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Old 02-11-2016, 03:28 PM   #3
Mike Phillips
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Status: Director of Training
Join Date: Apr 2013
Posts: 670
Default Re: Porter Cable Kit Question

Originally Posted by briggss3 View Post

2) Are 2 pads enough for me? This kit includes 1 Lake Country orange and 1 blue foam pads. That's what comes in the kit and it sounds like others talk about have all kinds of pads here and there.
The kit you bought is a good kit to get started with but here's the deal....

The way foam works is it absorbs liquid. What this means is as you work with a single foam pad it will become wet or saturated with the product you're using and as foam gets wet it becomes less effective because it becomes softer. This is especially true for foam cutting pads which is what the orange pad is.

It's nobody's fault, that's just the nature of foam.

In the car detailing world the questions comes up all the time,

How many pads do I need to buff out my car?

The above is a link that goes to my article to answer this question for the car detailing world but I don't have this article for boats but the answer is still the same.

More pads is better

This mostly applies to foam pads because realistically all it takes to buff out an entire boat with a wool pad is to keep the pad clean. Unlike foam, a wool buffing pad doesn't hold liquid like foam. Wool fibers do get wet but they don't hold any "volume" of liquid. There's a difference.

Originally Posted by briggss3 View Post

3) Do I need a wool pad for the heavier oxidized spots?
A wool pad will cut faster and producer a shinier surface but not with a Porter Cable dual action polisher. These types of polishers don't have the power to maintain pad rotation so if you do try to use a wool pad on a PC or any other FREE SPINNING dual action polisher the pad will more or less just jiggle and vibrate against the gel-coat surface and thus do nothing.

Originally Posted by briggss3 View Post

Or can I wet sand with my porter cable on a GFCI? If so, what do I need to order for wet sanding?
The answer is "yes". I just taught a boat detailing class last Saturday and in the class I taught all the guys how to use the Porter Cable 7424XP dual action polisher as a dual action sander and we machine sanded a 25" ROBALO Center Console to remove heavy oxidation.

Then we used a rotary buffer to remove the sanding marks.

Then we used a dual action polisher to remove the holograms left by the rotary buffer.

Then we used the Porter Cable to machine apply the wax to re-seal the gel-coat.

So the answer is "yes" you can use the PC to machine sand the gel-coat to remove heavy oxidation and in my how-to book and in my class I teach this as the way to work smarter, not harder.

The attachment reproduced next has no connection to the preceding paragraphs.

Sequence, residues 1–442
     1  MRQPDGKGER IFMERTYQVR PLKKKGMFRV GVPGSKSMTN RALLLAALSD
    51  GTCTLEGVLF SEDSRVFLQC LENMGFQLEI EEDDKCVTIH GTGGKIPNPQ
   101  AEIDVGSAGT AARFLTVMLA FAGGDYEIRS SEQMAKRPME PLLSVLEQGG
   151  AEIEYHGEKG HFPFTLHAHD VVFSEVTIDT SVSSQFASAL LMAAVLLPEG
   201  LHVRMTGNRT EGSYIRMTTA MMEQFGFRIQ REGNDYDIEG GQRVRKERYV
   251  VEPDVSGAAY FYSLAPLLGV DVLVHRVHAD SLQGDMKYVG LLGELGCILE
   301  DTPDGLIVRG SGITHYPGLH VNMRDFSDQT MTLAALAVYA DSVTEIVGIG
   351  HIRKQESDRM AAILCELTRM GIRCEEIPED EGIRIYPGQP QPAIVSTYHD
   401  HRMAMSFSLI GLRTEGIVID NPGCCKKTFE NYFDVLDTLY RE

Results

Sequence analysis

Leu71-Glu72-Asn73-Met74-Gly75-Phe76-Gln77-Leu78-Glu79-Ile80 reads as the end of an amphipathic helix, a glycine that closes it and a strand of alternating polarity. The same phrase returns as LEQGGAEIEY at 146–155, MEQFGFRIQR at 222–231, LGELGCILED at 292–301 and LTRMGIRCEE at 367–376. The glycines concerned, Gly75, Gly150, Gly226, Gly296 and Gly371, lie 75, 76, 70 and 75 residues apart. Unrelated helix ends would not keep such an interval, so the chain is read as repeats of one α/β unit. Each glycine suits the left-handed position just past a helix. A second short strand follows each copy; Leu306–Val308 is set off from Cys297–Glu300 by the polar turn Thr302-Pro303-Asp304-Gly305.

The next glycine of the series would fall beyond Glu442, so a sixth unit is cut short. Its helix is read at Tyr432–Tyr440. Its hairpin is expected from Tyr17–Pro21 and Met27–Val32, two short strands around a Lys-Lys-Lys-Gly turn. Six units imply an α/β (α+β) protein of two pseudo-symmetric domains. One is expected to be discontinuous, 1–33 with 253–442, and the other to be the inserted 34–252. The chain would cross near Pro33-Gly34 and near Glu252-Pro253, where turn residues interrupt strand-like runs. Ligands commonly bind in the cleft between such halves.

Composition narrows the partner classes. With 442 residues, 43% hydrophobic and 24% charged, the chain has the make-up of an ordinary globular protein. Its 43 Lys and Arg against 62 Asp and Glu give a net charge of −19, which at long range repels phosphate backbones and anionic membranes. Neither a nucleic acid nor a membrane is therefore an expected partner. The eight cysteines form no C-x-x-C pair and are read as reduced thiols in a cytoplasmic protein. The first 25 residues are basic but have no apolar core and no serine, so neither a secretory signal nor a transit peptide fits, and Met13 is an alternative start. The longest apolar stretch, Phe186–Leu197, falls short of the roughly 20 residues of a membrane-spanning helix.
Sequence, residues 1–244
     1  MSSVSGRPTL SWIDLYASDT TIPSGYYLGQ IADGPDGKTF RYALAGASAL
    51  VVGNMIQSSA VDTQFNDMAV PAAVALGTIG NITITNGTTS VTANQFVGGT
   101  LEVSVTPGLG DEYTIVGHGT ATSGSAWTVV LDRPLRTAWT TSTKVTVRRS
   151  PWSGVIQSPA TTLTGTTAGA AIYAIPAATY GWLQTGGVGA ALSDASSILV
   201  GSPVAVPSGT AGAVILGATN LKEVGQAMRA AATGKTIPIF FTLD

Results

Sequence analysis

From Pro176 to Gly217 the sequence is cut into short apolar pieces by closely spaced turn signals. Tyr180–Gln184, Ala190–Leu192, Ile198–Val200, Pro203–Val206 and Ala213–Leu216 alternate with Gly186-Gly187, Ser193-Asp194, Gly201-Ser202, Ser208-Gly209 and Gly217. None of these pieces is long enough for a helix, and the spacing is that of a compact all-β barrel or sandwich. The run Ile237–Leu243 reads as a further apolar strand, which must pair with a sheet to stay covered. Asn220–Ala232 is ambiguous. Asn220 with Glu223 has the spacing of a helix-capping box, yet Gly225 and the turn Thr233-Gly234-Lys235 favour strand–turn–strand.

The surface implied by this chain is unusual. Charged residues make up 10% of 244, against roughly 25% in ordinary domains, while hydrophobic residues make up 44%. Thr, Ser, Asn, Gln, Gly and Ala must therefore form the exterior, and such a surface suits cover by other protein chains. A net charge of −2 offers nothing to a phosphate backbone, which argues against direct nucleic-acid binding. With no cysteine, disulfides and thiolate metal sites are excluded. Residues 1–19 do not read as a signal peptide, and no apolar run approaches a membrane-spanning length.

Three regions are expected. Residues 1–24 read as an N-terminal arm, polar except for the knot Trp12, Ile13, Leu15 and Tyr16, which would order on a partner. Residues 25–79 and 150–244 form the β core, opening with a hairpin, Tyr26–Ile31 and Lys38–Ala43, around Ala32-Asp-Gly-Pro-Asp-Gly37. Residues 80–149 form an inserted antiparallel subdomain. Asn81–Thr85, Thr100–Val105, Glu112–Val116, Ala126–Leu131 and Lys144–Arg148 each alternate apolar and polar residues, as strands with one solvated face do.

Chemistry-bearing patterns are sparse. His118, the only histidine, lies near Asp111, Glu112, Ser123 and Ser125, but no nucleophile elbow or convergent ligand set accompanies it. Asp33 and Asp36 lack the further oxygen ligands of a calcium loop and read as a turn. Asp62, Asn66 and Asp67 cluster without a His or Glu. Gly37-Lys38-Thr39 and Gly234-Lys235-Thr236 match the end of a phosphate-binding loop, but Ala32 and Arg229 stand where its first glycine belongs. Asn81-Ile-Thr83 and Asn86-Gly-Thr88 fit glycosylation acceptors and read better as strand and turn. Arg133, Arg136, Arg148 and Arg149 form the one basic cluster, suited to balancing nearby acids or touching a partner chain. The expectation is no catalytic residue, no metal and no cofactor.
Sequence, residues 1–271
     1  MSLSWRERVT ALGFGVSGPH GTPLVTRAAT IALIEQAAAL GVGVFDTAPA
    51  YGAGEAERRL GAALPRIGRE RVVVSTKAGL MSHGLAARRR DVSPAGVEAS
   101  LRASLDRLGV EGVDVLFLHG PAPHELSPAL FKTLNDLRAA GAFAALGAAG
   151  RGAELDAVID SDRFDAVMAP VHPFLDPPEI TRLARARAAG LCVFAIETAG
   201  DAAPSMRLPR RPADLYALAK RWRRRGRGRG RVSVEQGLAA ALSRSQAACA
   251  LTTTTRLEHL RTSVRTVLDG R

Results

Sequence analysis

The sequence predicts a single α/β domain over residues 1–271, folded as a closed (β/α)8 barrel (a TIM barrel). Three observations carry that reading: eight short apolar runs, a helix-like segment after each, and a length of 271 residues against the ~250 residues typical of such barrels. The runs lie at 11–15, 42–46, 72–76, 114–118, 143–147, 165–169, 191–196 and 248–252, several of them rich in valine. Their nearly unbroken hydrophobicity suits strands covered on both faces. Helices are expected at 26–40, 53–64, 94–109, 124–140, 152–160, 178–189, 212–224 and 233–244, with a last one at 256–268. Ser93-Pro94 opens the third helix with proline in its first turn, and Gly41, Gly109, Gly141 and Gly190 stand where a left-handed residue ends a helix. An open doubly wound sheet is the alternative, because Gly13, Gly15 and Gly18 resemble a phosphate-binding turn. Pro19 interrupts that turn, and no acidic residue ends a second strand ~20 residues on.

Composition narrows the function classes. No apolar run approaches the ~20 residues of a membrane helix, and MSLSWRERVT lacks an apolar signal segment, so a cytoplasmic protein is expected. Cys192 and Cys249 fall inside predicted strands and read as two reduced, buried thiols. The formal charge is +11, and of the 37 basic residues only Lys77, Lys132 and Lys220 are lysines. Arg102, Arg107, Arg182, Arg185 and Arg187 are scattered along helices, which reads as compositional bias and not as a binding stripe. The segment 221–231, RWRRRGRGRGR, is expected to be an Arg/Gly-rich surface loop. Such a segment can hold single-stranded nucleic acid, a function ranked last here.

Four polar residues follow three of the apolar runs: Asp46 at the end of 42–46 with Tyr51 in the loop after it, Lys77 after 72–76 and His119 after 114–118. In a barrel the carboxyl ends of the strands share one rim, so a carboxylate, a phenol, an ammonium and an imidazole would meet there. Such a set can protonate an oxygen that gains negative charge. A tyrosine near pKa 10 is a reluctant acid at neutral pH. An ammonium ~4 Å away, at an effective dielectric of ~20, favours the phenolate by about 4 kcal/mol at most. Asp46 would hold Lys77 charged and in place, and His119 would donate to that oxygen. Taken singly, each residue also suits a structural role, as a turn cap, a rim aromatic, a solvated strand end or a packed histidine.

But the PC is not powerful enough to remove sanding marks over an entire boat. For this you really need and want to use a rotary buffer with a wool pad and a compound.

The wool fibers will leave holograms in the gel-coat. the majority of the boat owning and boat detailing industry don't care about hologram scratches in the finish but I do and I don't teach people to leave scratches in the hull so what I do is teach people to remove the holograms using a dual action polisher with a foam cutting pad.

For both steps above, the key is using great abrasive technology, that is the compounds and polishes because they will determine how deep any compounding scratches are.

In my classes, on this forum and in my book I recommend the Captain's Compound because it uses really good abrasive technology so the holograms are primarily caused the the wool fibers and thus shallow and thus they buff out easy.

I know some don't care about holograms but I cannot teach people to do hack work. So each person can decide for themselves the level to which they want to finish out.

I show Mirka Abralon 6" discs to machine sand oxidized gel-coat in my classes and in my book as well as on this forum.

Originally Posted by briggss3 View Post

Or better yet, should I just use what I have in the kit and save money?
Here's what I would recommend.

Start with the orange pad and the All-in-One Gel-Coat Polish & Wax. This is a LIGHT cutting one-step cleaner/wax.

See what it will do. If it's not removing the oxidation fast enough or effectively enough then you're going to need a more aggressive product and probably more aggressive pads.

One tip I share with the entire detailing world is to place a mark on the back of your backing plate so your EYES can see if the pad is rotating when you're buffing.

Like this,

The larger the diameter of the pad and the thicker the pad the less ability the PC has to maintain pad rotation. This is especially true as the pad becomes wet with product. (see my comments above about pad saturation).

What spins best on PC or Porter Cable dual action polishers are THIN pads. Recently Autogeek introduced their own ThinPro foam pads which are very thin and thus rotate really well. You would still need more than a single pad to buff out a boat.

But try the cleaner/wax and the orange foam cutting pad and see how it does on your boat. Test a section that's in pretty good shape still and then a section that's heavily oxidized.

More to come....

Made by boat people for boat people...
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